‘Orphaned’ oil and gas wells are on the rise — @HighCountryNews

Oil and gas development on the Roan via Airphotona

From The High Country News (Josh Zaffos):

IIn March 2015, Joe MacLaren, a state oil and gas inspector in Colorado, drove out to the Taylor 3 oil well near the tiny town of Hesperus, in the southwestern corner of the state. He found an entire checklist of violations. Atom Petroleum, a Texas-based company, had bought out more than 50 oil and gas wells after the company that drilled them went bankrupt. Now, Atom was pumping oil from those wells, but Taylor 3 was leaking crude, and it was missing required signage as well as screens on infrastructure to keep birds away from toxic gunk. Worse, the company had not performed safety tests to ensure the well wasn’t leaking fluids underground.

Over the following months, the state slapped Atom with fines, performed follow-up inspections, and demanded a $360,000 bond to cover the cost of shutting down the wells, just in case Atom — hardly proving itself to operate in a trustworthy manner — didn’t clean up its act.

Indeed, the list of violations MacLaren and others discovered kept growing, yet Atom kept on pumping oil and gas, and did not pay fines or put up the $360,000 bond. So in 2016, the state took a rare step: It revoked the company’s drilling permit. Atom’s business, it said, was no longer welcome in Colorado.

Atom didn’t bother to follow through on one last important obligation either. When companies cease production, they are supposed to plug wells with cement to reduce the risk of leaks, and to restore vegetation and wildlife habitat aboveground. They recoup their bonds if they do so, whereas if they don’t, the state cashes them. In this case, Atom flouted its responsibility to plug and reclaim its wells, leaving the state to clean up its mess. Colorado did claim a $60,000 bond Atom posted when it first started operating, but the cleanup could cost taxpayers 10 times that.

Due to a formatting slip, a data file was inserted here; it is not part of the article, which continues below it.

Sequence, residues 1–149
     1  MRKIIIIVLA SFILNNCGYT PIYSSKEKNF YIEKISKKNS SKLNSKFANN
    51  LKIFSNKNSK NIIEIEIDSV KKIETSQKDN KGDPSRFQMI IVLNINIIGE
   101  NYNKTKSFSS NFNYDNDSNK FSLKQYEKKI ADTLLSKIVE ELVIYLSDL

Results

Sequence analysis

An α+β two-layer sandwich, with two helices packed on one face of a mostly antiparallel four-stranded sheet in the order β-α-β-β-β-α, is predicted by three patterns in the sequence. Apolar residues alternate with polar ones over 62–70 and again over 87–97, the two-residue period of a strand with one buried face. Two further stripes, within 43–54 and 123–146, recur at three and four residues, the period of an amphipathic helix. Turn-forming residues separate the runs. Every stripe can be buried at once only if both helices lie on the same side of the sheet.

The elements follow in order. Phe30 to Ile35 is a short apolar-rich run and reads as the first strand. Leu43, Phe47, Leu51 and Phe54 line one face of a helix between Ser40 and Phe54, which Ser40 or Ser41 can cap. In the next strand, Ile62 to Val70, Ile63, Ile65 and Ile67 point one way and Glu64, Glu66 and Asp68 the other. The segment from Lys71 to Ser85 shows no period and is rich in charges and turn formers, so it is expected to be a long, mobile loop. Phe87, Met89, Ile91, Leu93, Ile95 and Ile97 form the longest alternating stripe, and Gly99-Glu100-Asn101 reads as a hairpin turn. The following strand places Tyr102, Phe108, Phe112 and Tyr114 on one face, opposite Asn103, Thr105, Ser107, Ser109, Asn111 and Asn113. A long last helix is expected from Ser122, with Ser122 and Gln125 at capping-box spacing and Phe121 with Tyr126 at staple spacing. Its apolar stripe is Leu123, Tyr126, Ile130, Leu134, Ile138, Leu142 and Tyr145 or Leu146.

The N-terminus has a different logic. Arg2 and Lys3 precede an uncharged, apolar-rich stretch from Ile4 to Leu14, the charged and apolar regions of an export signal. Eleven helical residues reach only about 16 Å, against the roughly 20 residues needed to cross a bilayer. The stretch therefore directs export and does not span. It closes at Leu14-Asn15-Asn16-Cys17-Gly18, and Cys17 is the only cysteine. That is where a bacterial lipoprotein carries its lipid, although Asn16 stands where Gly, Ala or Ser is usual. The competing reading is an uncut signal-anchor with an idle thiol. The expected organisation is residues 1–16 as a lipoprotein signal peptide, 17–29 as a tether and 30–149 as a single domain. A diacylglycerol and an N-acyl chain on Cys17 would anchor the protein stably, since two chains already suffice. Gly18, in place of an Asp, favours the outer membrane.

The 50 or so wells Atom left behind comprise Colorado’s largest-ever “orphaned well” case, according to the Colorado Oil and Gas Conservation Commission. But it’s not an isolated problem. Companies that go out of business, become bankrupt, or, like Atom, simply ignore the rules, tend to skip out on cleanup and land restoration. And since bond amounts set by states and the federal government rarely if ever cover real-world cleanup costs, it can be cheaper for a company to forfeit a bond than to follow reclamation rules.

Orphaned wells are more likely than properly plugged “abandoned” wells to leak pollutants, including methane gas, which can contaminate groundwater and even trigger explosions. So it’s troubling that the number of such wells in the West has soared. A downturn in energy prices starting back in 2008 has led energy companies to orphan thousands of wells across Colorado, New Mexico and Wyoming. States are struggling even to tally them, let alone remediate them. Officially, Colorado has 244 orphaned wells on its books, but state officials estimate another 400 have yet to be located. And with a new drilling boom tapping deep shale formations along Colorado’s urban Front Range, some worry that the next bust will saddle the public with thousands more.

On state and private land, major energy corporations typically explore and drill for oil and gas across large fields and then sell parcels to smaller operators when production dips. The little guys can still turn profits, just not at the margins big corporations need to satisfy shareholders.

But small companies tend to have shakier financing and are therefore more vulnerable to market swings. When gas prices plunged starting in 2008, it bankrupted many small companies producing marginal amounts of methane from coal seams, and thousands of coalbed methane wells were orphaned.

In Wyoming, the problem reached epidemic proportions. In 2014, under Republican Gov. Matt Mead, the state implemented an aggressive strategy to identify and plug orphan wells. To hedge against future busts, the state also significantly hiked the bonds companies must put up before drilling. It based those increases partly on well depth, since the deeper shale oil and gas wells now being targeted are much more expensive to reclaim than conventional shallow wells. Wyoming has since reclaimed 1,700 sites on state and private lands, using taxes and royalties paid by industry to chip away at the backlog caused by the spike in orphaned wells and insufficient bond funds. But it has also identified nearly 4,600 more orphaned wells — and that’s just on state and private lands.

“Wyoming is more ahead of the game than other states,” says Jill Morrison, director of the Sheridan-based Powder River Basin Resource Council. Even so, the state “can’t keep up,” she says, and the higher bond rates still don’t fully cover reclamation costs when a company orphans its wells. Reclamation on federal lands in Wyoming, where there are thousands of additional orphaned wells, has been even slower.